Philosophy of science-the first two and a half millennia.

How does science work? And what's all this about quantum mechanics?

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uwot
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Re: Philosophy of science-the first two and a half millennia.

Post by uwot » Mon Oct 01, 2018 10:10 am

TimeSeeker wrote:
Mon Oct 01, 2018 9:45 am
...if you concede to allowing for interpretation in science then you must concede it no different to religion.
As I said:
TimeSeeker wrote:
Mon Oct 01, 2018 5:21 am
...but science stakes its hold on 'objectivity'. Things are true irrespective if you believe them or not.
uwot wrote:
Mon Oct 01, 2018 8:05 am
Of observations. Falling objects on Earth accelerate at 9.8mss or they don't. You can make up any story you like for why that might be the case.
TimeSeeker wrote:
Mon Oct 01, 2018 9:45 am
Yes, science is subjective. But by agreeing to some fundamentals (SI units) we INVENT objectivity. A reference frame against which we consistently interpret our results. Should we invent "observation" too then ?
No, we should just be aware of the theory dependence of observation.

TimeSeeker
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Re: Philosophy of science-the first two and a half millennia.

Post by TimeSeeker » Mon Oct 01, 2018 10:14 am

uwot wrote:
Mon Oct 01, 2018 10:10 am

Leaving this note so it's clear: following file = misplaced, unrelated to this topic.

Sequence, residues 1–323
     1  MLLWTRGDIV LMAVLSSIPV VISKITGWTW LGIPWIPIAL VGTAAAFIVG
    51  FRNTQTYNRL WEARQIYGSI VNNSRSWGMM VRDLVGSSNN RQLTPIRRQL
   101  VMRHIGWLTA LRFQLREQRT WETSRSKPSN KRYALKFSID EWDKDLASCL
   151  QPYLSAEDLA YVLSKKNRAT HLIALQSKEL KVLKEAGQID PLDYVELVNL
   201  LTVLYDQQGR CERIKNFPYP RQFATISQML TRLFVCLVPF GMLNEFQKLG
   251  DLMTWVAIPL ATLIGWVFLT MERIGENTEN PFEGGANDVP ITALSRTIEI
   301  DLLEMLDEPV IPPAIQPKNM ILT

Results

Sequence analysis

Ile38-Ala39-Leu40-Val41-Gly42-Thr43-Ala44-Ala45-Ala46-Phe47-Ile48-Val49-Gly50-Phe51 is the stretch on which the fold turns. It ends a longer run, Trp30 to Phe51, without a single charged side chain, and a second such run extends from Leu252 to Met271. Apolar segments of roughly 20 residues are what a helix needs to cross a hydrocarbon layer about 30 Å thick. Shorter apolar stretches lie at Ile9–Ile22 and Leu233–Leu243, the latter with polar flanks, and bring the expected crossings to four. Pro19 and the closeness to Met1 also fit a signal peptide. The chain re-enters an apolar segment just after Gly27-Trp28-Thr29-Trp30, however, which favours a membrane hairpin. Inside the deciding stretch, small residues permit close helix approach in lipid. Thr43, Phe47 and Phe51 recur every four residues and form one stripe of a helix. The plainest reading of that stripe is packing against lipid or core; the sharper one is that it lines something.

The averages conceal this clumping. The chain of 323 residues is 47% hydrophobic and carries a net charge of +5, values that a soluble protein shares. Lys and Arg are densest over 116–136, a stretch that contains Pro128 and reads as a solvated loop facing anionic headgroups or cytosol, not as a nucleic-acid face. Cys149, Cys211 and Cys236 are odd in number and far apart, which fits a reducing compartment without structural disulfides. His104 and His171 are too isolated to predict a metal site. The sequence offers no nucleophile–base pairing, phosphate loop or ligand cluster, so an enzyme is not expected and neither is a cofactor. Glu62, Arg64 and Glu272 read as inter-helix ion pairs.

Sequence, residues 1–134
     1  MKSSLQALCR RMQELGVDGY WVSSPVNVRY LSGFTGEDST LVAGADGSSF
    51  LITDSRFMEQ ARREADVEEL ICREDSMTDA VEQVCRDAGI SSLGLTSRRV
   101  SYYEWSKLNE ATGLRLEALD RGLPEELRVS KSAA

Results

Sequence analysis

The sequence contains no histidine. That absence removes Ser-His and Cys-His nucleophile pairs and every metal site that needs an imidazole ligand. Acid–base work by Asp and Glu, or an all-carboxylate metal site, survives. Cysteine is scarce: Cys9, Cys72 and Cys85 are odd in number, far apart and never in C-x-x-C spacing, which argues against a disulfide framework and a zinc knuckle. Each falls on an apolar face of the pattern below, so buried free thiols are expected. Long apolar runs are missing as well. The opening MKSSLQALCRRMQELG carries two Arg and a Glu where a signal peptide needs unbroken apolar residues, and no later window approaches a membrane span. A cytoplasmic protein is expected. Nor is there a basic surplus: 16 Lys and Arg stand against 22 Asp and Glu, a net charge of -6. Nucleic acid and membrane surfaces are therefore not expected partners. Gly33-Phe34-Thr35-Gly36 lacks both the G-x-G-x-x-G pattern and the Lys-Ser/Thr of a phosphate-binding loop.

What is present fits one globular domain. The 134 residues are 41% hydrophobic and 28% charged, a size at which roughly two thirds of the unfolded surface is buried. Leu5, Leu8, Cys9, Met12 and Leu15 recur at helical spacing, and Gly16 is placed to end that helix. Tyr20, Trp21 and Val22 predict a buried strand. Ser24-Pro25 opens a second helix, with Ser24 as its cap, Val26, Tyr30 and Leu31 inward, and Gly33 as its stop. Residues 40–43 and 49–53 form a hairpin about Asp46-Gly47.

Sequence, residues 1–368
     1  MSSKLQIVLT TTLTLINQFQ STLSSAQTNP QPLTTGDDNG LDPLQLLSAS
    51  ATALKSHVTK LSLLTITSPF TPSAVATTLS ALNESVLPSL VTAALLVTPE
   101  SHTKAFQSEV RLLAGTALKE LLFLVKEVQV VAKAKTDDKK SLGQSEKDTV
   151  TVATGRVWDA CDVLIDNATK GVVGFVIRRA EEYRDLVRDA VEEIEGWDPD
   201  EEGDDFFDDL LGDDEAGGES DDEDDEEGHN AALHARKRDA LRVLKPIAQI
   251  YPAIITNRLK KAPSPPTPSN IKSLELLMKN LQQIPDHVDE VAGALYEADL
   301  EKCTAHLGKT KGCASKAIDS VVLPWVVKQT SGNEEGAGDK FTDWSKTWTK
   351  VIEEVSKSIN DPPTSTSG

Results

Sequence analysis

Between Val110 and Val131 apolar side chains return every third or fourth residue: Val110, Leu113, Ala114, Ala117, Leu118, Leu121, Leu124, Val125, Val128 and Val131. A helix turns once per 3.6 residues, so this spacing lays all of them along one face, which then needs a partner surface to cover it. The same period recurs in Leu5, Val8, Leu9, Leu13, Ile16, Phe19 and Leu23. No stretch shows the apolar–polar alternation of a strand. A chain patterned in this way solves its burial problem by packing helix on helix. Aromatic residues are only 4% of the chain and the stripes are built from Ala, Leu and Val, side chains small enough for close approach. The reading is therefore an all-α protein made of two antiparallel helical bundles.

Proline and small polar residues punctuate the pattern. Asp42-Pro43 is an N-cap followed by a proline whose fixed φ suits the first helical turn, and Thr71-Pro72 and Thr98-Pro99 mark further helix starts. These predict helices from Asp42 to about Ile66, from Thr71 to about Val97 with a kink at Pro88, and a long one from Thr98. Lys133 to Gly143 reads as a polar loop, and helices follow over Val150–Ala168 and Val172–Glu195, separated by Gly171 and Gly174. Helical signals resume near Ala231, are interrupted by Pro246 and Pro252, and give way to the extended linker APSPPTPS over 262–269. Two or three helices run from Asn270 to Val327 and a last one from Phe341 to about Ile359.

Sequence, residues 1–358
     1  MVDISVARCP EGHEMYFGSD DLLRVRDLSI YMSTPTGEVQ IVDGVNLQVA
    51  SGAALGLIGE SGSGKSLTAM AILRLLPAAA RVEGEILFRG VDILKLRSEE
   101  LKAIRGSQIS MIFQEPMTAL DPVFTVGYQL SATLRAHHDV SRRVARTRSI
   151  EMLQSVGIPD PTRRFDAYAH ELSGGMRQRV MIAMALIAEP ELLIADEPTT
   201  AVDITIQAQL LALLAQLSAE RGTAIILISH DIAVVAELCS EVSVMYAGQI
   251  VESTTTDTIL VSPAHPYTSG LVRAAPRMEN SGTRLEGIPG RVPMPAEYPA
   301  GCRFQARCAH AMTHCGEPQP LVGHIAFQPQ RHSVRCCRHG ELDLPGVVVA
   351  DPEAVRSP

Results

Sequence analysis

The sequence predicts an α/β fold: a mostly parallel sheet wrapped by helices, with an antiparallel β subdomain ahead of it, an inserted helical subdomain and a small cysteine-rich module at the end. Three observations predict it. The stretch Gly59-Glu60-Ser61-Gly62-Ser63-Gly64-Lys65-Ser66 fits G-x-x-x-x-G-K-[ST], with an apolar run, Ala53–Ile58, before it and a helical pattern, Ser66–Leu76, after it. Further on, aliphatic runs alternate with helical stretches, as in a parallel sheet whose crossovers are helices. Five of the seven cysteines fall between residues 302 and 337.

TimeSeeker wrote:
Mon Oct 01, 2018 9:45 am
...if you concede to allowing for interpretation in science then you must concede it no different to religion.
As I said:
TimeSeeker wrote:
Mon Oct 01, 2018 5:21 am
...but science stakes its hold on 'objectivity'. Things are true irrespective if you believe them or not.
uwot wrote:
Mon Oct 01, 2018 8:05 am
Of observations. Falling objects on Earth accelerate at 9.8mss or they don't. You can make up any story you like for why that might be the case.
TimeSeeker wrote:
Mon Oct 01, 2018 9:45 am
Yes, science is subjective. But by agreeing to some fundamentals (SI units) we INVENT objectivity. A reference frame against which we consistently interpret our results. Should we invent "observation" too then ?
No, we should just be aware of the theory dependence of observation.

Ok but you ARE interpreting observation to mean the passive meaning "watch falling objects accelerate" which is consistent with the GR framework. Which is consistent with human experience.

QFT is NOT consistent with human experience, so my point is that if you want to translate any QFT phenomena into human scale of observation (e.g in the passive meaning) of the word "observation" (which - I imagine is something you want to do since you care about visualisation and understanding) then you need to translate the meaning of "observation" from the context in which it is meant into the context in which it is being interpreted!

10 in decimal does not mean 10 in binary! Translation of MEANING required.

uwot
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Re: Philosophy of science-the first two and a half millennia.

Post by uwot » Mon Oct 01, 2018 10:16 am

TimeSeeker wrote:
Mon Oct 01, 2018 10:14 am
Ok but you ARE interpreting observation to mean the passive meaning "watch falling objects accelerate" which is consistent with the GR framework.